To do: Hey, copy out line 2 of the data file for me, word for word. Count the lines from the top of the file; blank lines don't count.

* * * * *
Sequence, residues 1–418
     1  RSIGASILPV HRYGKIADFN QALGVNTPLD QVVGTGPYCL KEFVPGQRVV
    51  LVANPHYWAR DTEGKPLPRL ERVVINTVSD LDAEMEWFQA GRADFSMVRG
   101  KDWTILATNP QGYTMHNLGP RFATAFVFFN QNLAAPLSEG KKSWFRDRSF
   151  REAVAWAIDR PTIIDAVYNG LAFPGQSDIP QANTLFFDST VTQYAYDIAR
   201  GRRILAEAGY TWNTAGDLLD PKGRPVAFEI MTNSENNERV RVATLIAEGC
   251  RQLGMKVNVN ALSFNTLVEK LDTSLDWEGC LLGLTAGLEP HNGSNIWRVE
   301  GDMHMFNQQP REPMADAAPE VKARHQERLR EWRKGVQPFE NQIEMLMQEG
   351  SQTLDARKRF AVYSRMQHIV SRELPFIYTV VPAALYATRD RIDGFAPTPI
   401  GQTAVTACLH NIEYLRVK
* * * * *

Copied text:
     1  RSIGASILPV HRYGKIADFN QALGVNTPLD QVVGTGPYCL KEFVPGQRVV